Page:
RYAN DAY: Yeah, that was -- until you just said that I wasn't aware. I really don't look at those things too much. I totally respect everybody's opinion. What matters is playing in the game.

Q. A lot of people have raved about Steve Sarkisian's play calling at Alabama. Is there anything that stands out to you about the way he goes about calling plays in the game?

RYAN DAY: He's got a great tradition of a lot of success on the offensive side of the ball. He's been around some unbelievable offenses, and he's got a great feel. I think when you look at the things he does and the plays he runs, he puts the defense in a lot of stress. He's very aggressive. He obviously really knows how to prepare an offense to create explosives, how to run the football. He's very, very talented.

And when it comes down to calling plays, sure, there's a knack for it, but so much of it is the preparation that you put in leading up to it. You know, it's always a good play when it works. That's what I always laugh about. Why did you call that one? Because it worked. If it doesn't work, it's not a good play and you're not a good play caller.

So I think the big thing there is I don't know him as well, met him a few times, got a lot of respect for him, but he clearly does a great job in preparation, putting the game plan together, and then preparing the guys to execute it based on what they're going to see.

Q. You're in rarefied air for a second-year head coach. What's it like to match wits and put a game plan together against a guy who's won six national titles?

RYAN DAY: Again, nothing but the utmost respect for Coach Saban and his staff. Anytime you get to this level, you know you've got to be on your game. You're going against the best in the world, and certainly Alabama is. Coach Saban's career speaks for itself.

So yeah, watched them win a lot of National Championships, so again, nothing but the utmost respect.

When you get to this level, you know it's going to be hard no matter how you shake it. You've got to be on top of your game and you've got to do a great job getting the guys prepared, playing at a high level, and that's what we're going to focus on.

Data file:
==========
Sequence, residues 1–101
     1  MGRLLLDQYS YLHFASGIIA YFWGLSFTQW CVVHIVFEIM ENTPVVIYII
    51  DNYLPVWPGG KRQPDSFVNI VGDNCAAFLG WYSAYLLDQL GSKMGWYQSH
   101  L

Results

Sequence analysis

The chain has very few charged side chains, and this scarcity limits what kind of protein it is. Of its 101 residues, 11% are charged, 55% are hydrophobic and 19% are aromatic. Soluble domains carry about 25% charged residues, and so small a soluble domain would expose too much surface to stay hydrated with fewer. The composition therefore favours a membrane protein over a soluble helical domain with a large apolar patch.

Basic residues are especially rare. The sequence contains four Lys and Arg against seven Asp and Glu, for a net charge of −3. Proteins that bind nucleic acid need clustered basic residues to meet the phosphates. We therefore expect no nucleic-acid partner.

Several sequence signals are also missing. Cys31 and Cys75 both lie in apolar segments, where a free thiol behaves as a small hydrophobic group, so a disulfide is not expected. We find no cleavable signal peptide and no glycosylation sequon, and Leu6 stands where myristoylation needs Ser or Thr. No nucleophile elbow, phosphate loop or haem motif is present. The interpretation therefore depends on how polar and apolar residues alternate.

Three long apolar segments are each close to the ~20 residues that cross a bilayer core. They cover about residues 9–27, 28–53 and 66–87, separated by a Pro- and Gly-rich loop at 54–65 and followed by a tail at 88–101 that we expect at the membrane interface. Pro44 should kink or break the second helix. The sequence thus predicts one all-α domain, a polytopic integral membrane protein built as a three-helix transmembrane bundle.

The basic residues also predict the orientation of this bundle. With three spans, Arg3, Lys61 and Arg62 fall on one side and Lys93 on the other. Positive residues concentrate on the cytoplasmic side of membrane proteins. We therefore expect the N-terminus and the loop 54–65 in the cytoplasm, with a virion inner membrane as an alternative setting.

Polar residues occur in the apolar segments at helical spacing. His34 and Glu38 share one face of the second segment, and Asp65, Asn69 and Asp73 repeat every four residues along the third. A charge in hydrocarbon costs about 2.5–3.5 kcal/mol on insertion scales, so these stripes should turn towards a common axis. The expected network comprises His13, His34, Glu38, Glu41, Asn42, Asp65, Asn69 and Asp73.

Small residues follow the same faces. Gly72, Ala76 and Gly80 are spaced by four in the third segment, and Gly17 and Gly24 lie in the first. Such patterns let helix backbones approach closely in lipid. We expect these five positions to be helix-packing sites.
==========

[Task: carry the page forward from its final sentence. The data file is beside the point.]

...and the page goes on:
Q. Your offensive line has seemed to really grow here over the last couple games, which is kind of remarkable considering you've only played three in like 40 days, and in all three of those you had a different starting five. How have they been able to do that given all those challenges and circumstances?

RYAN DAY: I think it goes back to practice, and that's the thing that we spend a lot of time talking about, was that because we weren't playing in as many games we had to practice really hard. We had to practice against each other. The D-line had to go against the O-line, ones versus ones and that was the only way we were going to get better fundamentally.

It wasn't always so much of a schematic deal. It was more about getting a pads down, hands inside, running feet, all the things that come with that. And that's just the guys up front. I mean, linebackers, tight ends are the same way on the perimeter.

So that was the only way we could do it because we weren't playing in those games. So I attribute it to practice, which our guys did a great job of. You've got to give a lot of credit to the guys. Got to give a lot to credit to the position coaches for getting them ready.

Q. Justin was obviously very vocal at the beginning of the year about wanting to play, needing to play. How influential do you think he was and what did that tell you about his evolution as a leader?

RYAN DAY: I think that was a huge step in his what you're calling evolution as a leader. I think that that was big. When he first got here he had leadership skills. I think his ability on the field pulled some guys with him, and I think that as time went on, he became more and more of a leader.

I thought what he did at the team up north game last year after coming back, after taking that shot in the knee and then coming out for one play and then going back in and then throwing that touchdown pass was amazing. Your teammates see that.

And then to see the way he worked in the off-season, and then to see him fight and speak up for his teammates, and then to see him come back and play the way he's played, the big play in the Michigan State game where he's running down and blocking for Trey Sermon on a run, the way he came back and played gutsy in this game Friday night, again, I think those were all steps in the evolution.

But I do think it was significant when he spoke up. I think that that was a big step for him. But this is something that's been growing over time, and it's great to watch and be a part of.

FastScripts Transcript by ASAP Sports